While browsing the internet recently, researching our August speaker, I came across an article by Cleo Braithwaite, who said:  There is a floating forest growing out of a shipwreck in Homebush Bay.  That was what the internet told me the other day.  I was perusing pictures of the Most Amazing Shipwrecks in the World, looking at the rust heaps in the rest of the world’s backyards, when it turned out wrecks can be found in our very own backyard.  Or at least in a heavy metal-tainted bend of the Parramatta River.

SS Mortlake Bank

The most impressive is the wreck of SS Ayrfield – now home to a healthy hull full of mangrove swamp (the “forest”). The inherent creepiness of shipwrecks is lessened a little here – knowing that they were retired, as opposed to the dramatic end scenes that play out in your head when you look at wrecks that happened out at sea. Also, it’s harder for something to seem too creepy when surrounded by legoland apartments and looking across the water to a monolithic IKEA.

Come stormy skies and dark water these scenes get moody and along with sunrise/sunset, with good reason it’s a popular location for photographers.

How many of we locals knew of this?

Gregory Blaxell's book, The River: Sydney Cove to Parramatta, tells us more about them.

There are a number of shipwrecks still visible in Homebush Bay, including the wrecks of colliers Ayrfield and Mortlake Bank, the tug Heroic, the steel boom defence vessel HMAS Karangi and several barges, dredges and lighters. These wrecks are the remnants of the former use of Homebush Bay as a ship-breaking yard. The wrecks can be viewed from the shore from Bennelong Road at Homebush Bay and Bicentennial Park.

HMAS Karangi was built at the Cockatoo Docks and Engineering Co.Ltd. and launched in 1941. It was one of the four boom working vessels, including the Kangaroo, Koala, Kookaburra and Karangi built at Cockatoo Island during WWII for the Royal Australian Navy.   All four ships assisted in laying defence of Darwin and were there for the first Japanese bombing raid on 19 February 1942. HMAS Karangi was stationed at Darwin until 1943 and in the 1950s it was present at the British atomic tests at the Monte Bello Island. The ship was partially scrapped in 1966 and the remains removed to Homebush Bay for breaking up.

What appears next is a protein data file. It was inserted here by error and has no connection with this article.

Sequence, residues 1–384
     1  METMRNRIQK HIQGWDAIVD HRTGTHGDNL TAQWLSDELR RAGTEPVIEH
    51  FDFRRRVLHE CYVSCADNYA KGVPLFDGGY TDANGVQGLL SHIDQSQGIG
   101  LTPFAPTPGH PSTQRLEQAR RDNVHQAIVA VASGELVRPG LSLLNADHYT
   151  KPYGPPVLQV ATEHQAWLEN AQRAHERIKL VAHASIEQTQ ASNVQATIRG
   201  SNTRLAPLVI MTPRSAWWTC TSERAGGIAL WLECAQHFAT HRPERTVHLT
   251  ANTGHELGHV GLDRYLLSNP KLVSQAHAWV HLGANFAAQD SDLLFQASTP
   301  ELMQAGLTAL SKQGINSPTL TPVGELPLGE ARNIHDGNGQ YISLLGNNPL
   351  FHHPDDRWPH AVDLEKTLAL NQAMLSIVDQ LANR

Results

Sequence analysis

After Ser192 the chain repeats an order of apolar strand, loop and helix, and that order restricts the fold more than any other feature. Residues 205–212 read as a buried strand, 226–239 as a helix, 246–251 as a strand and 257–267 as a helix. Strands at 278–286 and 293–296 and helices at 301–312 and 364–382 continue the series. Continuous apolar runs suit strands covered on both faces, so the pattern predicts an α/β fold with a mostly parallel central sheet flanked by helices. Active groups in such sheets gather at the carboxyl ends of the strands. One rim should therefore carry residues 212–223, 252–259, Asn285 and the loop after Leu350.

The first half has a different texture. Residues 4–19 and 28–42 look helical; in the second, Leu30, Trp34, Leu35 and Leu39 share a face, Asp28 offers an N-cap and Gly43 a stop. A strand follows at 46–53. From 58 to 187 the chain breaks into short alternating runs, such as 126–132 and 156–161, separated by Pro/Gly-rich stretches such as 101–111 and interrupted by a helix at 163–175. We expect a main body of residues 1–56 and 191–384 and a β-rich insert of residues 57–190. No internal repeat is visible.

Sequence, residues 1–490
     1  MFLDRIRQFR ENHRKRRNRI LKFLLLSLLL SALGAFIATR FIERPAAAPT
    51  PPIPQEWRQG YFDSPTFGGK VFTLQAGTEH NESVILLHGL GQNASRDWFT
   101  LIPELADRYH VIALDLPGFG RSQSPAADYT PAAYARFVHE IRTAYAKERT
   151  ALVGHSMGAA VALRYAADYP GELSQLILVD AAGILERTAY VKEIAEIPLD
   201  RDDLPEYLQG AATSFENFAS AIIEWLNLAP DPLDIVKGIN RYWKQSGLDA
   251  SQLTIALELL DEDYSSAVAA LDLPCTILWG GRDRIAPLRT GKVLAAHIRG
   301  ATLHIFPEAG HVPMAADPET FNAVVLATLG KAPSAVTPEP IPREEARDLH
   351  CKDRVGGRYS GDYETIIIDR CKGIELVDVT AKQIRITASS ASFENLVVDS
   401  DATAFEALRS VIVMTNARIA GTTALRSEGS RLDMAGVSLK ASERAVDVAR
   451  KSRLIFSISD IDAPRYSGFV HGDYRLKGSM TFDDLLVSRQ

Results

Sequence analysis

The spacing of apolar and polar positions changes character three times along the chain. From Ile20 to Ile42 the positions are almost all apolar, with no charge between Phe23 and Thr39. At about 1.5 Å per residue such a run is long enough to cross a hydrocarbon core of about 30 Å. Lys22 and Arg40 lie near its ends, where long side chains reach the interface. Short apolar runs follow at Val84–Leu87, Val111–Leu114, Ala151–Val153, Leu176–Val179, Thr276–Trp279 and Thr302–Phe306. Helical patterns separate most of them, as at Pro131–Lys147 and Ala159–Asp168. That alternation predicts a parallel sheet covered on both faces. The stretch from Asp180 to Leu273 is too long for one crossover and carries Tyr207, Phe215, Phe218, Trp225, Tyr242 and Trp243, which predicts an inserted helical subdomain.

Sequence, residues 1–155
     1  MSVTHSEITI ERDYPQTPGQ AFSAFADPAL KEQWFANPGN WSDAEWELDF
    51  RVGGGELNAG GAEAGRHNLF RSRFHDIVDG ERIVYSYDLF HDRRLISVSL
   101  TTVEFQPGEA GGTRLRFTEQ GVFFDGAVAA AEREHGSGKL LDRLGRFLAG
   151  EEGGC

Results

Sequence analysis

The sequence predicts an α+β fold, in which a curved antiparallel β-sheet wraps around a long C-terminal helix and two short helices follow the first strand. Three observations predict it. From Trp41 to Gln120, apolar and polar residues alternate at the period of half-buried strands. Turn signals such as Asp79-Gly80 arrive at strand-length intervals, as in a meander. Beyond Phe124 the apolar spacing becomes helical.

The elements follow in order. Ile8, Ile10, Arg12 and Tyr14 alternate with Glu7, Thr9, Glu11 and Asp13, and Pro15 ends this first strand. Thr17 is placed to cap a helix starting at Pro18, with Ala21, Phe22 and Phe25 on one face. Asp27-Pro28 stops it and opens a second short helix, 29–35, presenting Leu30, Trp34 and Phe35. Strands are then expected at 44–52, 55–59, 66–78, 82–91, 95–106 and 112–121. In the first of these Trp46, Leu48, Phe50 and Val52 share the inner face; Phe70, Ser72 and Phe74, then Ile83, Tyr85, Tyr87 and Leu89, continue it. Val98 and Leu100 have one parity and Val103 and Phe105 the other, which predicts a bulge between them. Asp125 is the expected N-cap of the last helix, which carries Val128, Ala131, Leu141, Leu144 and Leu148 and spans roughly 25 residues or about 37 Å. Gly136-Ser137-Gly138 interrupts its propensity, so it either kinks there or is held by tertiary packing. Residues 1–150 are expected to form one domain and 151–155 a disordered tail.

The SS Heroic was a tugboat built in the UK in 1924 and brought to Australia in 1934 where it operated between Hexham and Mortlake, transporting coal to the Mortlake Gasworks of the AGL Company. The SS Ayrfield (originally the SS Corrimal) was built in the UK in 1911 and purchased by the Commonwealth Government and used to transport supplies to American troops stationed in the Pacific region during WWII

Make a note to come along to our museum on Saturday, 5th August at 2:00 pm. to hear Betty Candy tell us more of the history of these wrecks.  See Guest Speakers for full details


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One Comment

I am curious about the tug SS Heroic. Google maps identifies the wreck closest to shore along the lookout point path as the Heroic whereas the information board near the HMAS Karangi indicates that it lies behind the wreck of the Karangi. This is actually visible using Google maps satellite or terrain view from above. Can you help clear this up for me please and if the wreck close to shore is not the Heroic then what is it?